European Commission Criticizes Apple Over In-App Purchase Policies

European Commission Criticizes Apple Over In-App Purchase Policies

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The European Commission has issued a statement criticizing Apple for taking 'no concrete and immediate solutions' to address concerns with in-app purchases, in particular inadvertent purchases by children.

A common position agreed by national authorities and communicated to Apple, Google and the Interactive Software Federation of Europe in December 2013 asked that:
● Games advertised as "free" should not mislead consumers about the true costs involved;
● Games should not contain direct exhortation to children to buy items in a game or to persuade an adult to buy items for them;
● Consumers should be adequately informed about the payment arrangements for purchases and should not be debited through default settings without consumers’ explicit consent;
● Traders should provide an email address so that consumers can contact them in case of queries or complaints.

Apple, Google and relevant trade associations were asked to provide concrete solutions across the EU to the concerns raised. The EU says Google made a number of changes but criticized Apple for making no changes to date.

Google has decided on a number of changes. Implementation is underway and will be completed by the end of September 2014. These include not using the word "free" at all when games contain in-app purchases, developing targeted guidelines for its app developers to prevent direct exhortation to children as defined under EU law and time-framed measures to help monitor apparent breaches of EU consumer laws. It has also adapted its default settings, so that payments are authorised prior to every in-app purchase, unless the consumer actively chooses to modify these settings.

Although, regrettably, no concrete and immediate solutions have been made by Apple to date to address the concerns linked in particular to payment authorisation, Apple has proposed to address those concerns. However, no firm commitment and no timing have been provided for the implementation of such possible future changes. CPC authorities will continue to engage with Apple to ensure that it provides specific details of changes required and put its practices into line with the common position.


Apple has responded to the statement with one of its own to the Guardian saying:

"Apple takes great pride in leading the industry in parental controls that are incredibly easy to use and help ensure a great experience for parents and children on the App Store. The parental controls in iOS are strong, intuitive and customizable. And over the last year we made sure any app which enables customers to make in-app purchases is clearly marked. We’ve also created a Kids Section on the App Store with even stronger protections to cover apps designed for children younger than 13."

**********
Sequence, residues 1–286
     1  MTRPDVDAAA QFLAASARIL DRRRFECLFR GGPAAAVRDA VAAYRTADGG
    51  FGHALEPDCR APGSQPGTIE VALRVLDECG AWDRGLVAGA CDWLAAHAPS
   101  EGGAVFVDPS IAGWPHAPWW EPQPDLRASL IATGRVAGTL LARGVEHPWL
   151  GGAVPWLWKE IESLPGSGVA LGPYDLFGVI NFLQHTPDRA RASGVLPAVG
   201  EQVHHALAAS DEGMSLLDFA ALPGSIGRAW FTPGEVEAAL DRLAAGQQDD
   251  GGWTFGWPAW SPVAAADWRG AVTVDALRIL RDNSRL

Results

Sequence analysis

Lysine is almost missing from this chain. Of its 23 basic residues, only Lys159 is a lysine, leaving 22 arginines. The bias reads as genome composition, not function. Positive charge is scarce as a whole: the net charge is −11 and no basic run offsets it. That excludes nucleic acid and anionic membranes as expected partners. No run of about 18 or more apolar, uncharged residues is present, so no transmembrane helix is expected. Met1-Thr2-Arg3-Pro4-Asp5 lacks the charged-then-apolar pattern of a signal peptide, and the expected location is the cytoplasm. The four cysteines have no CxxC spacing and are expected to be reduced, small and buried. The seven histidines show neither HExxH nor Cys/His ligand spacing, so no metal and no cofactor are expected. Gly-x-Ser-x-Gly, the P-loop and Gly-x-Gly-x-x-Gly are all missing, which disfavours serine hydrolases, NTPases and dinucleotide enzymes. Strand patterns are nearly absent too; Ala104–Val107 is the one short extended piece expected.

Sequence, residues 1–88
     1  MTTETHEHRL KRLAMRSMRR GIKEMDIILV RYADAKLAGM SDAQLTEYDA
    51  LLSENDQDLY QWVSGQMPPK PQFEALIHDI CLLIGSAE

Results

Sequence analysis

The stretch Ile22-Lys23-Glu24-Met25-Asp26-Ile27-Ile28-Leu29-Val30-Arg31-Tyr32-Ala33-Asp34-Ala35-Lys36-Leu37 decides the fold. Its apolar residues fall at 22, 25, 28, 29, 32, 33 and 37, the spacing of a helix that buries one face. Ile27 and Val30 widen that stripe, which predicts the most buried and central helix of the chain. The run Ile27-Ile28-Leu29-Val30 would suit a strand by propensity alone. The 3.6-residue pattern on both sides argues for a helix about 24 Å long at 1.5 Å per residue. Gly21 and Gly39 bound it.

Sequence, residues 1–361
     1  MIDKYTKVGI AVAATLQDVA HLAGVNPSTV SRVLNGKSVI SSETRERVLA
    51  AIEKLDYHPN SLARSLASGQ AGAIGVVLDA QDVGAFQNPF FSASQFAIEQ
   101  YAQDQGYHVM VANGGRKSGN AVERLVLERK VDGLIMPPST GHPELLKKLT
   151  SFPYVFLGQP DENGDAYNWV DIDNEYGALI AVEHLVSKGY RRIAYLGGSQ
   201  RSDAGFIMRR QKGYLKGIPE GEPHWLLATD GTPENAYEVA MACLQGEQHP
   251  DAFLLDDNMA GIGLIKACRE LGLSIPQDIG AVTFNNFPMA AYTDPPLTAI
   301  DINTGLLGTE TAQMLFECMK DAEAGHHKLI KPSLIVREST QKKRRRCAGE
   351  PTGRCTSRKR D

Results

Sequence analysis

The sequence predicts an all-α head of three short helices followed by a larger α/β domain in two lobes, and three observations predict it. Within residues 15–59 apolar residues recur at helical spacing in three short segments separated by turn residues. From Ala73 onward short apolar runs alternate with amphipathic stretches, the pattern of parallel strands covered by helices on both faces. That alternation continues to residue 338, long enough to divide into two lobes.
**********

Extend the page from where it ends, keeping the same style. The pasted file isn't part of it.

The spokesperson adds that "these controls go far beyond the features of others in the industry."


European Commission Criticizes Apple Over In-App Purchase Policies
Bloobeary - July 18, 2014 at 5:45pm
In-app purchases have pretty much ruined the App Store. Here's one example: Wild West Pinball. Used to cost about 2$. But those of us who bought it, had our paid version replaced with a "free" version during what was laughably called an "update." The "free" version slaps full-screen advertising up, during game play. But hey, you can remove the ads by buying the "remove ads" in-app purchase. How convenient. Add to this, the new trend of putting what amounts to an empty boxes with all content hidden behind a paywall, in the free apps section, and my enthusiasm for poking around in there is pretty much gone. Can't trust paid apps to stay paid for. Can't trust "free" apps to be worth the time it takes to download them. Not exactly a winning business strategy, guys.
Pigstacho - July 18, 2014 at 3:44pm
The comments from Apple are exactly what you would expect from them: brag about the most miserable thing saying it is amazing, wonderful, best in class and so on, then repeat that enough times until people are brain washed, lastly say the others don't have it when in fact they do. Sad.
Mutha Fucka - July 18, 2014 at 2:38pm
God damn crapple! Only cares about taking your money and does not care if IAPs were accidental or not. Despicable money grubing faggots!!
Fukscrawn John - July 18, 2014 at 8:39pm
Goddamn F*ckers only listening to delusional shit to conclude from the worst.
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odedo1 - July 18, 2014 at 1:56pm
This last year so many paid Apps went free with IAP which is so wrong, I guess developers found out that they make more money this way but it's still wrong I prefer paying $1-$2 for an iPhone App or $5-$7 for iPad with out IAP's like the old days, it's also not fair for people who don't have the $$ because people who do will always win the games in Game Center like if it's a car racing game the ones who have will have the better cars! For some of us it's no problem getting across those IAP's but most can't and in my opinion they should stop and go back to the old system ( paying for the Apps like it used to be ).
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